Many on-board audio chipsets pick up noise from the motherboard, noise that can sometimes be heard when you move the mouse. Dedicated audio cards don’t always solve this problem; furthermore, they take up valuable space inside your computer. Instead, you can use an external sound card. For $100, you can get M-Audio's M-Track which combines an external sound card and a two channel mixer with two XLR inputs.
So What’s All This Going to Cost
You can purchase a properly equipped laptop to offline edit like the Dell Precision M6800, HP ZBook 17 or Apple 15-inch MacBook Pro Retina Display for less than $3,500. Combine that with a 7200rpm USB 3.0 or Thunderbolt hard drive that costs around $150 and you're ready to edit offline. You could probably find a desktop solution for even less.
For online editing, you’ll need a custom configured or custom built system that tends to range from about $8,000 and up. There are many companies offering custom Macs and PCs for editing. HP has partnered with RED on the HP Z820 RED Edition which has built in RED card readers. Of course, if you're a little hardware savvy, you can build your own system and save thousands.
Your Software Can Make a Difference
Most editing software packages do not support all the codecs and file types used by 4K cameras. Right now Adobe Premiere Pro CC and Apple Final Cut Pro X are the top editing solutions that have native support for CinemaDNG. Sony Vegas Pro has the only native support for XAVC-S. REDCODE RAW (R3D) is supported by all 4K editing software including Lightworks and EDIUS Pro 7 although it seems to run best in Final Cut Pro and Premiere Pro. Editing software updates are frequent and native support for camera files are usually a priority. Before you buy, check websites for updates to see what formats are supported.
If you’re planning to edit 4K with Avid Media Composer 7, it supports FrameFlex 4K, but note that you may not qualify for product support unless you work on an Avid certified system. This is something to keep in mind when considering system options.
Don’t Forget the Monitoring
If you're building a new 4K editing system, it’s easy to get consumed with GPUs and storage needs and forget about monitoring solutions. While you can continue to use HD computer monitors for your editing interface, it’s important to use a 4K external video monitor to watch the footage as you edit, particularly if you're mastering in 4K.
4K monitors are gradually becoming less expensive and for most editors, there are now some affordable solutions. Seiki Digital released its SE39UY04 39-inch UHD TV (3840x2160 resolution) which has a retail price of $599 and can be connected via HDMI. The SE39UY04's color reproduction is subpar making it poor choice for color monitoring; however, you can pair it with a lower resolution monitor with good color reproduction for your color correction work.
Dell announced three 4K monitors that reproduce 100 percent of the sRGB color space making them a good option for color grading. The Dell UltraSharp 32 Ultra HD Monitor (UP3214Q) retails for a hefty $3,500, where the UltraSharp 24 Ultra HD Monitor (UP2414Q) is $1,400. The Dell UltraSharp 28 Ultra HD Monitor (P2815Q) released earlier this year and retails for $700.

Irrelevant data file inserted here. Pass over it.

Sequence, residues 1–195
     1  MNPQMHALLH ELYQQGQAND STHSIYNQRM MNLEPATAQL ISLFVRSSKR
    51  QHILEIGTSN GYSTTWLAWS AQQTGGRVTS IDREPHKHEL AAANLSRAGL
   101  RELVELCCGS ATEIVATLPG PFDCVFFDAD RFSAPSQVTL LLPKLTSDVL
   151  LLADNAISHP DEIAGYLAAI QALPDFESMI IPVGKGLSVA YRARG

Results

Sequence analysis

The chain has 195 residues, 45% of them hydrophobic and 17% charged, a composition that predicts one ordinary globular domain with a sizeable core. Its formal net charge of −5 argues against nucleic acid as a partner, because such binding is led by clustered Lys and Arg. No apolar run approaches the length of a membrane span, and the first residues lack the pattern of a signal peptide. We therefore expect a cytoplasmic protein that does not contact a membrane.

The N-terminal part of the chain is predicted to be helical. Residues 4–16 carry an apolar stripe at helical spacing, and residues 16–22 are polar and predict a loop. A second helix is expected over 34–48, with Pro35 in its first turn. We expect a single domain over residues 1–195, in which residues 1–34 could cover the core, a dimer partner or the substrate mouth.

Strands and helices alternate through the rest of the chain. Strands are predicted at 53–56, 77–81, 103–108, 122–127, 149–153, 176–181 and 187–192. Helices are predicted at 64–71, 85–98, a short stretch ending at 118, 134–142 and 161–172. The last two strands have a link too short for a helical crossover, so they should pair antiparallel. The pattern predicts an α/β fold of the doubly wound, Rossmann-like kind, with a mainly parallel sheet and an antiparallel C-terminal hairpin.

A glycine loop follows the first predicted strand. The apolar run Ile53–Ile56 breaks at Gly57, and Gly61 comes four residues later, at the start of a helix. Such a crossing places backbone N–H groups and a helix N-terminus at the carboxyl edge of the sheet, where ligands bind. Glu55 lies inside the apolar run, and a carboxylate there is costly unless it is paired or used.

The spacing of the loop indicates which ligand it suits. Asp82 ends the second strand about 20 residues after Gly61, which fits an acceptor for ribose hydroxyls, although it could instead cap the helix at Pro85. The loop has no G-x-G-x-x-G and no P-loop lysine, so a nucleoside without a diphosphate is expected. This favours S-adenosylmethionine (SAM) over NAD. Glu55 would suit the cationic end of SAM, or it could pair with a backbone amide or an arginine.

Protect Your Investment
Even if you're editing on a laptop, you can benefit from using an uninterrupted power supply with voltage monitoring and filtering. While your standard UPS only turns on when the power goes out, more advanced models include power filtering and under- and over-voltage protection. Low voltage can damage electronics just as easily as over voltage and is a common and costly problem.
Determining your 4K editing needs, both now and in the near future may take some time, but it will ensure that you purchase an editing system than can handle all the projects you'll be working on, the type of footage you'll be editing, and the length and complexity of the edits. Remember that minimum specs get minimum performance. Go above the minimums for optimal performance.
Building Your Own 4K Editing System for About $4k
Building your own editing system can be a little scary at first, but a DIY rig can save you thousands of dollars. If you need help, there are many tutorials and guides to computer construction online. Here is a list of parts with prices sourced from one online retailer, so it should be considered an average, knowing that with fluctuations in the market, you may find either greater or lesser prices.
CPUs: Dual Xeon 2GHz six-core - $819
CPU Cooler: CoolerMaster Hyper T4 (2) - $60
Motherboard: Supermicro MBD-X9DA7-O - $520
GPU: GIGABYTE GeForce GTX 760 4GB (2) - $600
RAM: Kingston 16GB DDR3 1600 ECC (2) - $360
Boot Drive - Kingston 240GB HyperX 3K SSD - $175
Project Drive - Kingston SSDNow V300 120GB SSD - $89
Media Drive - Seagate NAS HDD 2TB (6) - $720
Blu-ray Disc Drive: ASUS BW-12B1ST - $90
Case: Habey RPC-800 - $90
OS: Windows 7 Pro 64-bit - $140
Power Supply: Thermaltake Toughpower 1200W - $250
Cables and misc: $50
You could save a little money if you don’t need an 18TB RAID and can use fewer drives; however, at minimum you would need three drives striped (RAID 0) to have fast enough media storage for 4K. In addition to your computer, you'll need monitors, speakers, a UPS and any computer peripherals you don't already own. That could ultimately bring your cost up to approximately $6,500.
Odin Lindblom is an award-winning editor whose work includes film, commercials, and corporate video. Odin has been building his own editing systems for the past ten years.